This distinction is important because, when the Franken campaign challenged a legal Coleman ballot, this resulted in a temporary deduction from Coleman’s total in the Secretary of State’s running count (essentially, such ballots were treated as guilty until proven innocent). By contrast, when Franken challenged a nonvote that he wanted to have counted for himself, this produced no immediate adjustment to the state’s totals. Long story short, the greater percentage of challenges that were made to nonvotes rather than to Coleman votes, the better off Franken is relative to the state’s accounting.

In addition, the different types of challenges were associated with vastly different success rates. From among the 105 Coleman ballots that the Franken campaign challenged, 18 challenges were accepted, or 17%. By contrast, from among the 50 nonvotes that Franken challenged, more than half (31 or 62%, to be precise) were counted for him by the Canvassing Board.

Even these numbers, however, are hard to place into context, because we don’t know anything about the nature of the thousands of challenges that Franken withdrew. The state does not appear to have added the withdrawn challenges back into its totals; in fact, it does not appear to have done anything with them. We don’t know, among other things, how many of these withdrawn challenges were made to Coleman votes (in which case, Coleman will now get credit for them) as opposed to nonvotes (in which case, they’re basically irrelevant). The Coleman campaign has also withdrawn the majority of its challenges, although fewer than the Franken campaign has (in fact, yesterday Coleman unwithdrew about 200 of his challenges).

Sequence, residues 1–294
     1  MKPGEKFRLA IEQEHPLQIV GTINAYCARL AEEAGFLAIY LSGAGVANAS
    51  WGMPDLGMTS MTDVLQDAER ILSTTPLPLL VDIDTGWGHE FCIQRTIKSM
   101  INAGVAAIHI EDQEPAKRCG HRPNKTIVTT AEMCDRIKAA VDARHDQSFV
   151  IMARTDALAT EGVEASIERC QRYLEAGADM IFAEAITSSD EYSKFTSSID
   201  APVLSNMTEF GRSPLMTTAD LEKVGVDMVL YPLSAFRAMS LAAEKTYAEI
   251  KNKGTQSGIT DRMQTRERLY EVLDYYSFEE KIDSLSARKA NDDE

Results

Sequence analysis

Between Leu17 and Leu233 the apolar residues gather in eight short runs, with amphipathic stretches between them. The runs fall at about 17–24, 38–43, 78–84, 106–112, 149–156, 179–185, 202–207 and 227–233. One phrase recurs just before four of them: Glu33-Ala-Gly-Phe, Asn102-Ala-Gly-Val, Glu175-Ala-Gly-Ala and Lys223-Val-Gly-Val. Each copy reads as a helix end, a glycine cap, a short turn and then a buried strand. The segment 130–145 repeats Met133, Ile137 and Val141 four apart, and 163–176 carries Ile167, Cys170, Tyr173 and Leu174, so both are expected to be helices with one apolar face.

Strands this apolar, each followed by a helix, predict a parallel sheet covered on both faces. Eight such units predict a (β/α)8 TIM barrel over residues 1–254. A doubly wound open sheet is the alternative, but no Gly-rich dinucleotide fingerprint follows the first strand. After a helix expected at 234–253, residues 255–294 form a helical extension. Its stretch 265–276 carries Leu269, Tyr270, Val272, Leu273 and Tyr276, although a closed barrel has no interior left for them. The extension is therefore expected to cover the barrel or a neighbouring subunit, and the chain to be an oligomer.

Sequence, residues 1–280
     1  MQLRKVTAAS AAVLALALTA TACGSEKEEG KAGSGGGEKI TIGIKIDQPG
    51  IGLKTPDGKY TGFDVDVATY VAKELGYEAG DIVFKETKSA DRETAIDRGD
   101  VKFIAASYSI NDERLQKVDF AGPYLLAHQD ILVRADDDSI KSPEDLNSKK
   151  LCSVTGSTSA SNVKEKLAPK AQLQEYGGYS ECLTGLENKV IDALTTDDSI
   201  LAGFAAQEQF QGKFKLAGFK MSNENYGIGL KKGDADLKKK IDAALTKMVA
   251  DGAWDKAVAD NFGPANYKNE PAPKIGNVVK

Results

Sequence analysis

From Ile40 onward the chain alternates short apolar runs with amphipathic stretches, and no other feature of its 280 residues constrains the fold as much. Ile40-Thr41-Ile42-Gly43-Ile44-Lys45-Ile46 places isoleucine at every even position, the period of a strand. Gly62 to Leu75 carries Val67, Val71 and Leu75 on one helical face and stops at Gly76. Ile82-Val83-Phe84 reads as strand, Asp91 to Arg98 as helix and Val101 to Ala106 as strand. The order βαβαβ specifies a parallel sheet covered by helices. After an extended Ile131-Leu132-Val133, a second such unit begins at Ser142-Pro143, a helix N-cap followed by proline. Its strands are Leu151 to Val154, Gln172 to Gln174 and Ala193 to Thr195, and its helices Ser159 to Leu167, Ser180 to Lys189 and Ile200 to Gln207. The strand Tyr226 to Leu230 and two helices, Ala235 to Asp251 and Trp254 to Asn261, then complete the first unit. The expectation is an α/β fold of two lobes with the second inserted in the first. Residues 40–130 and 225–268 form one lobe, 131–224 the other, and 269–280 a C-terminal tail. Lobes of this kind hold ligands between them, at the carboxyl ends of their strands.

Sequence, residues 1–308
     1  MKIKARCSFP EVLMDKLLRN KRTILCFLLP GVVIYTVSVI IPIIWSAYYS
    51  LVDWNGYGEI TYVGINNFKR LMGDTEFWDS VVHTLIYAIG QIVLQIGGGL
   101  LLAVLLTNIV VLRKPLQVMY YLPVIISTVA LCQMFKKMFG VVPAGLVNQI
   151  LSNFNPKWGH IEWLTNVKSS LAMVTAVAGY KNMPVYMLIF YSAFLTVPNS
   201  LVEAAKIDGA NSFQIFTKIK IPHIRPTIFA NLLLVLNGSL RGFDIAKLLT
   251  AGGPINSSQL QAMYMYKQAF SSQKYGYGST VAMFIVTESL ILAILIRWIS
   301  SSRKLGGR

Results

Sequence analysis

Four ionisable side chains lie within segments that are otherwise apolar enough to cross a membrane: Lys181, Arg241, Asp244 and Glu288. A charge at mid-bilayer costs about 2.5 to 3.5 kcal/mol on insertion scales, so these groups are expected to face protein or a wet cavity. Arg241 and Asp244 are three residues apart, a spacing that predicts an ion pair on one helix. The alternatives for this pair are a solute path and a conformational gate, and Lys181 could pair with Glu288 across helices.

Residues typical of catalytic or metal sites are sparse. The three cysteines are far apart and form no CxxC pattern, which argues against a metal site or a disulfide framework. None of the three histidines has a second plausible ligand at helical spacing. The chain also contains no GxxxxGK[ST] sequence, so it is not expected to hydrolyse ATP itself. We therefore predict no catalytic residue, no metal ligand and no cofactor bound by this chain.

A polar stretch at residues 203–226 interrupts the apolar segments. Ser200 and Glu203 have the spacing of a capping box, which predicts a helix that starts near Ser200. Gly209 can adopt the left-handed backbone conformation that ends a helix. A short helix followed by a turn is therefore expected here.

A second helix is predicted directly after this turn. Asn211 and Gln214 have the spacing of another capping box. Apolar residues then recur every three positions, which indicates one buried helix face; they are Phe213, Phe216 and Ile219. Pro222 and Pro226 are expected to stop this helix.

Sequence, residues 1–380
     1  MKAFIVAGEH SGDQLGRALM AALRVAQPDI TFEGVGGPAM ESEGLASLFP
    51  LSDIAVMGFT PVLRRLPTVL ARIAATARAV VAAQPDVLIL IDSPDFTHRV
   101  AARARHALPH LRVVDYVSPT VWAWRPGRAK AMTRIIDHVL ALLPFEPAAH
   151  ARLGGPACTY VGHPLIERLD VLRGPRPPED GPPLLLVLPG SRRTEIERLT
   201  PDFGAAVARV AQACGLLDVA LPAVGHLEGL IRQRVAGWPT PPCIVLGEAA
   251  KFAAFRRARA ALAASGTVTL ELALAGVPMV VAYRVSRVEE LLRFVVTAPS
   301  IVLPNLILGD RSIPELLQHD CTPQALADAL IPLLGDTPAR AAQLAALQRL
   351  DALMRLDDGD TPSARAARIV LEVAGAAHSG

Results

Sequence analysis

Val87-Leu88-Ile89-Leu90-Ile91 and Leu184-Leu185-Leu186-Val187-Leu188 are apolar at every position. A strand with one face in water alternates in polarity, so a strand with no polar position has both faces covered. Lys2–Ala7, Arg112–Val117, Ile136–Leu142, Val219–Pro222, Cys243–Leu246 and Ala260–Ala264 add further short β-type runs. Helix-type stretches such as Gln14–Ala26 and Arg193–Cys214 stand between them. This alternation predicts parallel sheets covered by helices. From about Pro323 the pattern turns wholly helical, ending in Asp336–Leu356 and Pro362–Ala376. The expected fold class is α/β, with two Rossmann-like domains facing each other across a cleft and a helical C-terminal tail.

With these withdrawn challenges existing in a state of limbo, we have very little idea about where we stand. We might know now something about many votes a candidate has gained during the challenge process, but we don’t really have a good idea of where he stood before the challenge phase began.

We also know nothing so far about the nature of the Coleman challenges. Since Coleman withdraw fewer of his challenges, does this mean that the challenges he retained are less likely to be successful? That seems highly probable — but, we can’t be certain. Also, will Coleman’s challenges have a different typology from Franken’s? For instance, will a significant fraction of them concern nonvotes, as opposed to Franken votes the campaign is trying to have excluded? We simply don’t know.

I do consider Franken the favorite in the recount, but that is because it appears that erroneously rejected absentee ballots will be considered by many counties; these ballots could easily tip a net of 100 or so votes to Franken. Without those absentee ballots, the recount still appears to me to be too close to call. Until we learn more about (i) Coleman’s challenges and (ii) the withdrawn challenges, I would be suspicious of overly-specific claims about the status of the recount that you might see elsewhere.